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Movie review: 'Stranger by the Lake,' 3 stars

stranger by the lake

stranger by the lake Credit: Christophe Paou, left, and Pierre Deladonchamps in "Stranger by the Lake."

The worlds of sex and murder collide in “Stranger by the Lake,” a stark, explicit drama set at a lakeside gay cruising ground in France.

The film unfolds over a series of days in circular, existential rhythms, following protagonist Franck (Pierre Deladonchamps) as he falls for Michel (Christophe Paou), despite witnessing the latter murder his previous lover in the lake.

The movie is a studied, Freudian depiction of the ways these two competing, elemental human drives congeal into a harrowing whole.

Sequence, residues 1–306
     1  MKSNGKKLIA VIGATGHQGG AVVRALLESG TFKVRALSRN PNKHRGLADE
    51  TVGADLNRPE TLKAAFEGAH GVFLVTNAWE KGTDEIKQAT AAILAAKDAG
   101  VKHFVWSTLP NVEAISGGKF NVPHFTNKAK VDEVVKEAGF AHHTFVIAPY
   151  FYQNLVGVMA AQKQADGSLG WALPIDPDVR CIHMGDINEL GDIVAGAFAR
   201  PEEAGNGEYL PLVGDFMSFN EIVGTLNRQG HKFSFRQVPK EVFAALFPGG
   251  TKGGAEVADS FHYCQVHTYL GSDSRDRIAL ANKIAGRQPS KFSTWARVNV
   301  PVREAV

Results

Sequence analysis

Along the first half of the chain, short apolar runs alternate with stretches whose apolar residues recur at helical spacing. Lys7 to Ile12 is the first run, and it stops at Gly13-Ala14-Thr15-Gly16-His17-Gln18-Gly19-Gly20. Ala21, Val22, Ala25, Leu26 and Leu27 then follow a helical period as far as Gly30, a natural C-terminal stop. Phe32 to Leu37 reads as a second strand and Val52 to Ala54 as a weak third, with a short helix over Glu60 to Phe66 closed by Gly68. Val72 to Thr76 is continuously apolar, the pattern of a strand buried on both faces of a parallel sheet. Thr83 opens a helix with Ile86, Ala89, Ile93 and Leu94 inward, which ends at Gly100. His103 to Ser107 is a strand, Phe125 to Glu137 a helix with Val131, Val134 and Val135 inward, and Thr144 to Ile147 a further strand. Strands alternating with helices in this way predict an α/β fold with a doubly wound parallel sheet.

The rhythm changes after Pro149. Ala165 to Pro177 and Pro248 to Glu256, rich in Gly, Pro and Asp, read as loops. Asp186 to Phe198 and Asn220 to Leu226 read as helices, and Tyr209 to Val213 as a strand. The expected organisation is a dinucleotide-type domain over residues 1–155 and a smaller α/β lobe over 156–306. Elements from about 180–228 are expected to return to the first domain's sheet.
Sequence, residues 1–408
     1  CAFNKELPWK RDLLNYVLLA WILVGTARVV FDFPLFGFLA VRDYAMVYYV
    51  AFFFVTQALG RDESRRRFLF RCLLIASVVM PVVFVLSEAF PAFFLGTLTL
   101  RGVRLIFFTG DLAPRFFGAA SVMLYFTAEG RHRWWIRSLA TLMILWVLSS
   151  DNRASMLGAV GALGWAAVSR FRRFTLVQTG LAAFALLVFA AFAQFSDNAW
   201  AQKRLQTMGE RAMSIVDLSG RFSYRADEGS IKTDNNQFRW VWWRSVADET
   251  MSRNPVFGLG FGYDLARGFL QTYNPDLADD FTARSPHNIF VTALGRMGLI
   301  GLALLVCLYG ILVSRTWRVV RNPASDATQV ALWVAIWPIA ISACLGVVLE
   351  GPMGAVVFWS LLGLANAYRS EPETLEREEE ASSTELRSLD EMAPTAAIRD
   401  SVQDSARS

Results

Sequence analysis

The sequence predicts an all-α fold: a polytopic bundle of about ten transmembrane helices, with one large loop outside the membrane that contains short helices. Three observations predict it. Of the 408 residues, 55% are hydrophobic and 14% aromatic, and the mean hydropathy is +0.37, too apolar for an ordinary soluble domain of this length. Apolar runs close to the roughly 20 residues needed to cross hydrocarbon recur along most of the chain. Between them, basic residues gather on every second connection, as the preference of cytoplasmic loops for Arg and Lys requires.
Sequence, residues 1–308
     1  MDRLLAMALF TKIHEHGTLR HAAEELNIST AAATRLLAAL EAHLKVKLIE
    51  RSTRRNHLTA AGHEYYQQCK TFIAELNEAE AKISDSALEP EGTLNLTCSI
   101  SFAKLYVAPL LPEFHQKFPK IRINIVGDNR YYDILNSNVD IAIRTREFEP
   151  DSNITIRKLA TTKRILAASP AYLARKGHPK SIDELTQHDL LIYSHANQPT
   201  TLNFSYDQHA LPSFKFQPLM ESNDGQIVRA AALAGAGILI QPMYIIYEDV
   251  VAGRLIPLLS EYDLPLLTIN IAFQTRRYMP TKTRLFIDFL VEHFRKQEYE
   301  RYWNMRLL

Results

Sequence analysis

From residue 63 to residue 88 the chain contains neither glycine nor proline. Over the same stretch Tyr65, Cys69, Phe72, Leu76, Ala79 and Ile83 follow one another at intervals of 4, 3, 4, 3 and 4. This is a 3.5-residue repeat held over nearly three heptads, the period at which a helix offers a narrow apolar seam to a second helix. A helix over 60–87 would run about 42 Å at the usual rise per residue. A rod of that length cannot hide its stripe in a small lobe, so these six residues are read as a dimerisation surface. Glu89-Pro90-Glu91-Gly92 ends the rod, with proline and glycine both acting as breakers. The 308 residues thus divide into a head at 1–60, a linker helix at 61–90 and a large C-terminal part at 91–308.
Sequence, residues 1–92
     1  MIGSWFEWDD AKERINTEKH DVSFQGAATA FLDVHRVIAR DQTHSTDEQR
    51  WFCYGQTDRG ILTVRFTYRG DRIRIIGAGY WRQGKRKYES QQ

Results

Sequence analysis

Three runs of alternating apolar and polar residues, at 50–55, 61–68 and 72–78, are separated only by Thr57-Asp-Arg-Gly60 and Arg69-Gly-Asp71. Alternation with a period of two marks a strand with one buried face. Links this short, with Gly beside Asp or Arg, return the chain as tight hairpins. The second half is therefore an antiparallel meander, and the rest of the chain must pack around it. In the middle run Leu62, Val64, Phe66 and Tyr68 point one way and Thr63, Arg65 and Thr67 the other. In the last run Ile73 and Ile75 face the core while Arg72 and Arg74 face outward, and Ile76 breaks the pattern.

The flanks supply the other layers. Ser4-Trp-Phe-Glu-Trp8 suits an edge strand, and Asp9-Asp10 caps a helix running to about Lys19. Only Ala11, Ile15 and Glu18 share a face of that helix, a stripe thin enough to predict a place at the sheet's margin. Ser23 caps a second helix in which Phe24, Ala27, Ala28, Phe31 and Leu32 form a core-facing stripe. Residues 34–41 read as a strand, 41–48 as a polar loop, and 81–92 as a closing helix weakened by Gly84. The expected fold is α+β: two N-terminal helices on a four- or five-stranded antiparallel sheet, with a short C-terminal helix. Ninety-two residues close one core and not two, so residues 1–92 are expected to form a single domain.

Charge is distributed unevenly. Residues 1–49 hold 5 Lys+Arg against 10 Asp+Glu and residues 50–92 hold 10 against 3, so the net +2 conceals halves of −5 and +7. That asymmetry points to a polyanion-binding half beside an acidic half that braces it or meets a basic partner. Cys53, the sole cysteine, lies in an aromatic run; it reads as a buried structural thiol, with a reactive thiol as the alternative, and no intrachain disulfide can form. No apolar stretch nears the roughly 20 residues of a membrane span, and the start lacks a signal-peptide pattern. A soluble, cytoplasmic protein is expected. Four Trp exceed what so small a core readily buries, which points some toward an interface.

Franck’s revulsion at Michel’s conduct is overwhelmed by a deep, strong attraction. Their daily rendezvous are marked by aggressive sexual encounters.

Filmmaker Alain Guiraudie is uncompromising in his clinical focus on these moments, offering intense close-ups, steady wide images of naked bodies sprawled out beside the lake and long shots that observe the characters swimming in the water that becomes a sort of primordial soup.

Franck’s sexual connection with Michel contrasts with the friendship he forms with Henri (Patrick d’Assumçao), a regular visitor who has come to the lake seeking an escape from his loneliness.

Henri completes the movie’s tripartite picture of this setting as a metaphoric staging ground for the most elemental life experiences: love, sex and death play out on the sand against the hot summer sun. “Stranger by the Lake” is so studiously controlled that it’s not an easy picture to watch, but you won’t forget it.

"Stranger by the Lake"
Directed by Alain Guiraudie
Starring Pierre Deladonchamps, Christophe Paou
Not Rated
Playing at Elinor Bunin Monroe Film Center and IFC Center

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